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Crustal Structure Beneath the Cameroon Volcanic Line and Surrounding Area: Insights from Markov Chain Monte Carlo and Evolutionary Algorithm Based Shear Wave Velocity Inversion
  • Satyam Pratap Singh,
  • Simanchal Padhy
Satyam Pratap Singh
EarthByte Group, The University of Sydney, NSW

Corresponding Author:[email protected]

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Simanchal Padhy
Department of Earth Sciences, Indian Institute of Technology Roorkee


The Cameroon Volcanic Line (CVL) and other tectonic features in Cameroon remain enigmatic, prompting ongoing debates about their detailed structure, composition, and geodynamic evolution. To shed light on these complexities, we leverage the ambient noise tomography (ANT) method to invert shear wave velocity (Vs) and image subsurface structures, providing crucial insights into both subsurface geology and deep crustal processes. Specifically, we employed two different methods: Markov chain Monte Carlo (MCMC) and Evolutionary Algorithm (EA) inversions to robustly constrain the Vs velocity structure, Vp/Vs ratio, and density beneath the CVL and its surrounding area.Our results reveal a prominent high-velocity structure at depths of 25 to 35 km, which precisely aligns with the CVL. Within this region, Vs velocities reach up to 4.0 km/s, accompanied by a Vp/Vs ratio ranging between 1.85 and 1.88 and density varying from 2.9 to 3.1 g/cm3. These characteristics suggest the presence of cooled mafic material that has intruded the crust. Our 2D depth cross-sections along the CVL indicate that these cooled mafic intrusions are ubiquitous along the entire volcanic line. However, they are spatially separated from the upper crust's volcano-plutonic structure by a thin intermediate structure exhibiting a Vp/Vs ratio of 1.68 to 1.71 and an average Vs velocity of 3.8 km/s, indicative of felsic to intermediate crust, which may be linked to the Pan-African Orogeny.The high Vp/Vs ratio and Vs velocity structures are found closer to the surface in the recently active volcanic provinces, accompanied by a thinner low Vp/Vs structure. We posit that this thinned low Vp/Vs structure may have facilitated the ascent of mafic material, contributing to recent volcanic activity in the region. Conversely, beneath the Oubanguides belt and Congo craton, these low Vp/Vs structures appear thicker, with mafic intrusions present at depth > 35 km. This observation suggests a dynamic process involving the pushing and exhumation of lower crustal material by the mafic material.Our crustal imaging results hold significant implications for our understanding of the region's geodynamic evolution, suggesting an interaction with deeper structures, may be responsible for the crustal intrusions and volcanism observed along the CVL.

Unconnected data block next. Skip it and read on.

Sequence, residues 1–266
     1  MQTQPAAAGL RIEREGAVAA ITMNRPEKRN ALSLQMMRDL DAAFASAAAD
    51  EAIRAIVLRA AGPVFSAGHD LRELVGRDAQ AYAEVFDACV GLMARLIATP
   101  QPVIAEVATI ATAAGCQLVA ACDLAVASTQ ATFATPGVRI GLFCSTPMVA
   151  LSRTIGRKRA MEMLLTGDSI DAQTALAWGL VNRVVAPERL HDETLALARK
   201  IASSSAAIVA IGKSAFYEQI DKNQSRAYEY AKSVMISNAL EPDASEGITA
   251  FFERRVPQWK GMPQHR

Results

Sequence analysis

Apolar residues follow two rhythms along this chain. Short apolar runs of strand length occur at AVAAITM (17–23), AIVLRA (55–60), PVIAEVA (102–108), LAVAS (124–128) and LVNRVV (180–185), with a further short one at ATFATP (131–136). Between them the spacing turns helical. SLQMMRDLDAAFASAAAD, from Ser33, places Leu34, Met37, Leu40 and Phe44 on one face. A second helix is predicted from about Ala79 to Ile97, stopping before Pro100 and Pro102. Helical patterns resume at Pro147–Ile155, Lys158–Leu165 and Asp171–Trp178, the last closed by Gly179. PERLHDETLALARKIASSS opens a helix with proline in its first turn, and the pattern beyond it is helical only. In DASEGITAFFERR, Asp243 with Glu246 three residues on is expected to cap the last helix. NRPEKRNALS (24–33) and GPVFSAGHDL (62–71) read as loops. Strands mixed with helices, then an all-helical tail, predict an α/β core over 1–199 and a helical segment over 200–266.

22 Dec 2023Submitted to AGU 2023 Annual Meeting
27 Dec 2023Published in AGU 2023 Annual Meeting